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Margan turns 20!

Having been named the Hunter’s Viticulturist of the Year in 2015, Andrew Margan is celebrating again! It’s 20 years since he and his wife, Lisa planted vines in Broke Fordwich and they’re going strong.

To grow grapes and become a winemaker were childhood dreams of Andrew’s, who grew up among the Hunter vines. His father planted the DeBeyers vineyard in the 1960s and was one of the country’s first wine and food journalists.

Andrew spent 20 vintages as a winemaker with Tyrrell’s under the tutelage of the great Murray Tyrrell, before establishing his own label with Lisa. A chef, Lisa has also been instrumental in the success of the brand, with their restaurant being one of the region’s must awarded.

Wine Selectors is proud to have had a great relationship with Margan from their beginnings and our congratulations go to Andrew, Lisa and the whole Margan team on being one of the driving forces in making the Hunter Valley a truly great wine region.

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Wine
Talking with Taylors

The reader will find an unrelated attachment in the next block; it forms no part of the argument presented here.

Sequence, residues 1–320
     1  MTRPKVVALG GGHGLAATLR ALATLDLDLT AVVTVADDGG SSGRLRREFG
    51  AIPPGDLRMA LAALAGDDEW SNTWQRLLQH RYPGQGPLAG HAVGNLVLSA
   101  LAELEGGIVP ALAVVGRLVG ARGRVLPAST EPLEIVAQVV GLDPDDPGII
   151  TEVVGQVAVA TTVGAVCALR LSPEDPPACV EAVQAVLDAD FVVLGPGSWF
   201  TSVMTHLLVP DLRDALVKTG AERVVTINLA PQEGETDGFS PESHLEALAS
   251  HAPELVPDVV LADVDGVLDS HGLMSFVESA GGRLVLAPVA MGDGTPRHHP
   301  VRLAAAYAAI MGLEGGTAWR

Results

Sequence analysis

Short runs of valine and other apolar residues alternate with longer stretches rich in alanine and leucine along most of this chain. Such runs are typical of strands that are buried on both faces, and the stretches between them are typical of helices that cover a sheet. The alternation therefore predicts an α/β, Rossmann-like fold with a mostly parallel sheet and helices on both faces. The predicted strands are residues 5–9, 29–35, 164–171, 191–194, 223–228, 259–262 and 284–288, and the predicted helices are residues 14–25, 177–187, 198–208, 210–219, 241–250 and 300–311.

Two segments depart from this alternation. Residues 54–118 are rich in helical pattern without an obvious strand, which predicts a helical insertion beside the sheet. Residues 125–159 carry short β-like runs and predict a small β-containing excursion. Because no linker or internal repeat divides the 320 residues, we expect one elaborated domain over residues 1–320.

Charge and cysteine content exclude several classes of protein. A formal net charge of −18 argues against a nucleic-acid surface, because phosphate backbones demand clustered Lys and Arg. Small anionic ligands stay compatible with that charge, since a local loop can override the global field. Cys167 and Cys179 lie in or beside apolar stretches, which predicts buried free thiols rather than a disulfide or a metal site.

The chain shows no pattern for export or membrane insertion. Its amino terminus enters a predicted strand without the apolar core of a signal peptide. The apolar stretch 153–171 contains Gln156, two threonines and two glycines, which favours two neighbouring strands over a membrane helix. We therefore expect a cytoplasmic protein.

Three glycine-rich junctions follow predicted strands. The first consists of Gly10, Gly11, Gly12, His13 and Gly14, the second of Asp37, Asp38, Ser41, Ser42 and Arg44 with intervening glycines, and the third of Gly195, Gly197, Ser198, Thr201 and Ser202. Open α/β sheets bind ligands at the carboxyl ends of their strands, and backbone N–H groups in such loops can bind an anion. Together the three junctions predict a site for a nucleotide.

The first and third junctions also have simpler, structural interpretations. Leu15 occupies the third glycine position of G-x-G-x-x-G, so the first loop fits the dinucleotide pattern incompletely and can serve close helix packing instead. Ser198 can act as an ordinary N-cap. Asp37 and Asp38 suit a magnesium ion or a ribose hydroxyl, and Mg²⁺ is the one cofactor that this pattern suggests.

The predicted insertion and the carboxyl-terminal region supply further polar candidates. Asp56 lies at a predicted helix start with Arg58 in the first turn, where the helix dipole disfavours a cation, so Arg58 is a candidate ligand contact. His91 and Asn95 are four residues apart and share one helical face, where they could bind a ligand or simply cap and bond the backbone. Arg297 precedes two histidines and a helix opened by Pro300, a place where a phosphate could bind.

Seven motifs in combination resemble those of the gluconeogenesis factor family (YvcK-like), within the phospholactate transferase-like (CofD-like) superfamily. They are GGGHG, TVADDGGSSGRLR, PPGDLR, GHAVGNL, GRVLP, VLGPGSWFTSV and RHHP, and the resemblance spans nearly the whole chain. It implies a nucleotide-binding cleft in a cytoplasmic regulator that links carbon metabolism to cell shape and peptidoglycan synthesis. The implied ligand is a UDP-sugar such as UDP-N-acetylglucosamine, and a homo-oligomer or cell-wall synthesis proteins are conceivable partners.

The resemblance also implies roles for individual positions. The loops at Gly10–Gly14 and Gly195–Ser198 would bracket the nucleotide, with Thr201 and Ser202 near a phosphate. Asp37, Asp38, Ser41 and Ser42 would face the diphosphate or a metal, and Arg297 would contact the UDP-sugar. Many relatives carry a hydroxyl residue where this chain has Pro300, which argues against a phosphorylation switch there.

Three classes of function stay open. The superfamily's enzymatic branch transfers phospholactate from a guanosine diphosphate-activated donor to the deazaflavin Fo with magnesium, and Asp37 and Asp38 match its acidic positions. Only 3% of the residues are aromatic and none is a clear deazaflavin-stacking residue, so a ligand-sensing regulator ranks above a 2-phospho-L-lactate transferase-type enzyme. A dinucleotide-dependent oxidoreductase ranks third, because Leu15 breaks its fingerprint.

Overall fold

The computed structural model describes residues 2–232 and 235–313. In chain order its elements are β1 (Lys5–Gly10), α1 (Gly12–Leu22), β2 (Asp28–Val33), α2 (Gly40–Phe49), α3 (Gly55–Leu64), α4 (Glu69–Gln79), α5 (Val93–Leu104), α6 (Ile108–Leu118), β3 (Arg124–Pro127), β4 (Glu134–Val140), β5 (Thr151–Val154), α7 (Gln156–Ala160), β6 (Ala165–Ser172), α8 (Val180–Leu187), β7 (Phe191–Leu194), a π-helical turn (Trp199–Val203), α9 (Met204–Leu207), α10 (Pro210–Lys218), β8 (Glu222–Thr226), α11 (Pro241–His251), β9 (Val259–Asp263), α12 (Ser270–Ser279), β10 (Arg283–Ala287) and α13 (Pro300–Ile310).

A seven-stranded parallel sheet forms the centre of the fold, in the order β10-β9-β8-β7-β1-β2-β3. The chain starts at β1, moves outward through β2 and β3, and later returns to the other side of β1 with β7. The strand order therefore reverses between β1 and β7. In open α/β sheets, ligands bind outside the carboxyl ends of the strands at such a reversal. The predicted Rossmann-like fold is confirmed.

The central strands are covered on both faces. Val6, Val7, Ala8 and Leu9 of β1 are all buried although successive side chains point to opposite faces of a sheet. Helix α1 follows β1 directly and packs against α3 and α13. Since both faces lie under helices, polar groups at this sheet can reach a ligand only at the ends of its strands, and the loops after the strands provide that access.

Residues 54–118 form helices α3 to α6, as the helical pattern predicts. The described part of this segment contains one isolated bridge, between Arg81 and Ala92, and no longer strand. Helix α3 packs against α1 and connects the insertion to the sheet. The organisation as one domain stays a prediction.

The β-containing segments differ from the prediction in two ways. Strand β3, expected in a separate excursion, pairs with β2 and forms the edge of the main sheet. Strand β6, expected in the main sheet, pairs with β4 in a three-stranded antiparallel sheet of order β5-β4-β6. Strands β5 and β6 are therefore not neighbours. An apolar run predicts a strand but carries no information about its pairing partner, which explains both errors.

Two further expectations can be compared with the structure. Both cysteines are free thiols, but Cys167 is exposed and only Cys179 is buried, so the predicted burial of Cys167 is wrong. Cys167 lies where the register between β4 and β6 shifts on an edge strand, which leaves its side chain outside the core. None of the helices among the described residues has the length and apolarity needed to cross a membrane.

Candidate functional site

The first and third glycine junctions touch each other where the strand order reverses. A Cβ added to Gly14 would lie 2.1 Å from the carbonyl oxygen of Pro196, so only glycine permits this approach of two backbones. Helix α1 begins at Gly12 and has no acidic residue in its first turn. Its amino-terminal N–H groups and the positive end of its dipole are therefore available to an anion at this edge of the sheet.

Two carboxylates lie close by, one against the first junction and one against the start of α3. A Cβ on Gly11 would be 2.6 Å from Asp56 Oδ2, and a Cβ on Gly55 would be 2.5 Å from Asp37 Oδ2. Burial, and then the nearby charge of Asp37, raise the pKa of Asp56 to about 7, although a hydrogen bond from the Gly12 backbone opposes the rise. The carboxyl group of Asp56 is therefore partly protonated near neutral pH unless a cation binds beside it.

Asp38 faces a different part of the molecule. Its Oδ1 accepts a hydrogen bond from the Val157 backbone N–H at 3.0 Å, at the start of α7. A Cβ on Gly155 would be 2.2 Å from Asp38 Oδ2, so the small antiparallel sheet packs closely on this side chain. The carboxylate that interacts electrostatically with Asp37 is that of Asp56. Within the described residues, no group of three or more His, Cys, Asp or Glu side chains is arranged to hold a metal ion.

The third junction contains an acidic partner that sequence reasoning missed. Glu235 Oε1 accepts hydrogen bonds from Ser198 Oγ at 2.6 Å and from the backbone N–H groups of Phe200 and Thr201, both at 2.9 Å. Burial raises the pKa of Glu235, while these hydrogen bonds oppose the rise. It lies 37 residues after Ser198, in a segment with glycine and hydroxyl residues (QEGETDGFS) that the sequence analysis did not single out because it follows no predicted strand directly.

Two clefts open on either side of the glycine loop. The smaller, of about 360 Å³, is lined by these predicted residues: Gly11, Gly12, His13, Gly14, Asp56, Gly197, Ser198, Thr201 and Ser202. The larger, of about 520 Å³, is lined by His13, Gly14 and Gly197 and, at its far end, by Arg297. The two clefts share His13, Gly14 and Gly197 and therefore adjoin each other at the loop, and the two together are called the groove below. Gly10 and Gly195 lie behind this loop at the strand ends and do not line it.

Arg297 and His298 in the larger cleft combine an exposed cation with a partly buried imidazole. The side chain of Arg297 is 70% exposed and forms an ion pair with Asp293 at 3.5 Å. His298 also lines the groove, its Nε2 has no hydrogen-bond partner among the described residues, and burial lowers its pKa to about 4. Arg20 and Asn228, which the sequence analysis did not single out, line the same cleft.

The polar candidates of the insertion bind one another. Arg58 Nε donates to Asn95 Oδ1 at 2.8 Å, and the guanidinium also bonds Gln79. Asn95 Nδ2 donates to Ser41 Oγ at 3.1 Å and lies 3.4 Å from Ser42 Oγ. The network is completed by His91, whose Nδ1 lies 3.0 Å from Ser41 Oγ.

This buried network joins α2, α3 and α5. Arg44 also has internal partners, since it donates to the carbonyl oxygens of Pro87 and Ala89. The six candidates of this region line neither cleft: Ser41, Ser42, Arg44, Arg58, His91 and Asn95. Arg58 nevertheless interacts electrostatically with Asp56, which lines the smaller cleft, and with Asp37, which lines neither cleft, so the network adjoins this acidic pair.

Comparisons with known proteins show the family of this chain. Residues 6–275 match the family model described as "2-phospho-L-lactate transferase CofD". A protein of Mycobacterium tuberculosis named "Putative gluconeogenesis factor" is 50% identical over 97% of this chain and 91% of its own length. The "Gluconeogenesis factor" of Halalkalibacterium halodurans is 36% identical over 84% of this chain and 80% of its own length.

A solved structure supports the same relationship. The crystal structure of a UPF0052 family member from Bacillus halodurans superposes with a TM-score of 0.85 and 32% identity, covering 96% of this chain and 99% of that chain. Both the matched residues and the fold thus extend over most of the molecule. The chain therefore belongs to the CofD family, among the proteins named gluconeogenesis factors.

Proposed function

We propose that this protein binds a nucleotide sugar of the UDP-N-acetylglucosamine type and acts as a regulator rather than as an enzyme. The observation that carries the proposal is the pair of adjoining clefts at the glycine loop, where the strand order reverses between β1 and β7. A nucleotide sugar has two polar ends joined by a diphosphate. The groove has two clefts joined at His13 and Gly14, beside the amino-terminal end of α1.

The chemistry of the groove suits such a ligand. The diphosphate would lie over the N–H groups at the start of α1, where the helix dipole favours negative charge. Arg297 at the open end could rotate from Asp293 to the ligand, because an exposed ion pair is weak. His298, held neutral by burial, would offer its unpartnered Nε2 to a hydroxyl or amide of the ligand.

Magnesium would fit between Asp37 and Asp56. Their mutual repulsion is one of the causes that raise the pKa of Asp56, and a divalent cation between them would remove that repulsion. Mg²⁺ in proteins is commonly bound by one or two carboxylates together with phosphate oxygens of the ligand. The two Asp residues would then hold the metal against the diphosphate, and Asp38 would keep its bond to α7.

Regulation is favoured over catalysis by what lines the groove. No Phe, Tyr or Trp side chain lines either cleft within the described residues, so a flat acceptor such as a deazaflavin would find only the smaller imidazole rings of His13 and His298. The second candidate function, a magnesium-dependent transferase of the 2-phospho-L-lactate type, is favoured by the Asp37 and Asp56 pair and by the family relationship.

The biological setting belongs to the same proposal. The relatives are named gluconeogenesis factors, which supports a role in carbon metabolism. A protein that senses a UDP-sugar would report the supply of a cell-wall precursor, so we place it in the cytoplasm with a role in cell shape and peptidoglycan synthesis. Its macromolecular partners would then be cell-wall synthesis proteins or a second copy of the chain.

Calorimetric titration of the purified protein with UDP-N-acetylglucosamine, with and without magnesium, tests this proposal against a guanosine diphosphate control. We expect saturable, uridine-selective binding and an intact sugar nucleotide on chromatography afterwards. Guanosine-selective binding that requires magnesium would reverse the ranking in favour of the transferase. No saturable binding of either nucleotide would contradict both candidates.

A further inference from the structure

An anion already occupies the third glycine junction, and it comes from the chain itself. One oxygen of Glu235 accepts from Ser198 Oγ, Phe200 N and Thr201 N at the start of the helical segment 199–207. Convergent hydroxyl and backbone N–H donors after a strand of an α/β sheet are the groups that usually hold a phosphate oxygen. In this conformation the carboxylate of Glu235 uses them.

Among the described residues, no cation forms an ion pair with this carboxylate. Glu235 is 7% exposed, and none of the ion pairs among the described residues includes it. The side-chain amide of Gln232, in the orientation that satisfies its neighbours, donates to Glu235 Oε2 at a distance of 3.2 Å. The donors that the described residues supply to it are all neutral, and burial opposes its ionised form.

In celebration of the Taylors Merlot 2014 being the Wine Selectors Wine of the Month for April, we caught up with Chief Winemaker Adam Eggins to talk Taylors and winemaking. You’ve had huge success at Taylors with Merlot, what makes it such an appealing red variety and what’s the secret to getting it right? Merlot is challenging. The French say Merlot is very fickle, very demanding. The site must be perfect, the soil, the drainage, the amount of wind and sunshine. Ultimately, your belief in Merlot is what drives your winemaking approach. Everyone tells me we have the wrong clones in this country. I think not. We may have Merlot in the wrong viticultural sites and we may be approaching the variety with the wrong mind set, however, Merlot can be one of the world’s greatest wines so the question becomes what can we do or not do to release its worldly potential. Tannins are important, or more importantly, the carefully controlled lack of over extraction. Our Merlots are cuvee wines, predominantly free-run, which has greater levels of aromatic intensity and a natural beautiful delicacy for which the variety is renowned. What makes working for such a historic family-owned winery so special? Making wines for the Taylors family is very special. Wine is in their blood and every decision we make is in the best interest of their wines, as ultimately their wines are their brand. The family thinks generationally and makes decisions for a sustainable future. Working against drought conditions, your first vintage with Taylors was a challenge? Are the challenging vintages sometimes the most rewarding? South Australia is a beautiful winemaking climate, but we can have it all: drought, bushfire, heatwave and flood and a bit of frost and hail to boot. The tough years can produce spectacular wines and it feels like they are more deserving, as you may have had to look harder to find them. The great years are a pleasure too, however, and South Australia is generally blessed with how many great seasons. We can have somewhere around 6-7 out of 10 vintages rate incredibly highly. What’s your favourite wine style to make? Is it also your favourite to drink? To make, it’s probably Shiraz , the sheer colour and flavour spectrums available are fascinating to work with and I also love how the variety absorbs and harmonises with the right level of the right oak. To drink, it’s much harder. Great Chardonnay has incredible appeal, as can Riesling and Pinot Noir and our finest Cabernets can’t be beat in the middle of winter. Of late, I have a growing interest in Tempranillo and taste it as often as I can, especially the lovely wines of Rioja. What’s been your most memorable winemaking moment? To be honest, there is no one moment, but many. What we like doing is some small scale research to raise the quality bar, then the following vintage taking it to large scale process to have a quality impact on an affordable wine. We have been researching the early application of oak with St Andrews Shiraz for many years, which has worked well, but our greatest honour is when our ~$18 rrp Estate Shiraz won the Best Shiraz in Australia twice, against all competitors. Why is this more special? Well, the wine is affordable and widely available, so that people all around the country can enjoy it. This is largely Taylor’s philosophy, to make great wines in an affordable scale. What makes the Clare Valley such a special region to make wine in? I have asked myself that many times and I rate Clare equally with two other regions – Margaret River and the Yarra Valley . These regions have the potential to do many things well. World Class Riesling , Chardonnay, Merlot, Shiraz and Cabernet Sauvignon and possibly in the future Tempranillo can be achieved in the Clare Valley. Not many regions have this depth of potential that the Clare Valley offers. It is an unusual combination of the heat of the region and its altitude and the proximity to the coastline that gives us beautiful ripening weather during the day, but very cool evenings, which helps retain natural elegance and restraint. Taylors certainly has an admirable approach to sustainability. Do you think enough Australian wineries are doing their bit for the environment? Taylors are very disciplined about making decisions based around sustainability. This can involve employees, growers, vineyards, winemaking approaches and/or our community. Yalumba is another company who excels in this area. I wish more companies would be more active in this space, however, I do understand that for many wine businesses the core focus is the retail sale and the state of the market. The benefits of family companies are often they can take a broader, much longer term, generational view of the industry, which will often lead to a better outcome for all.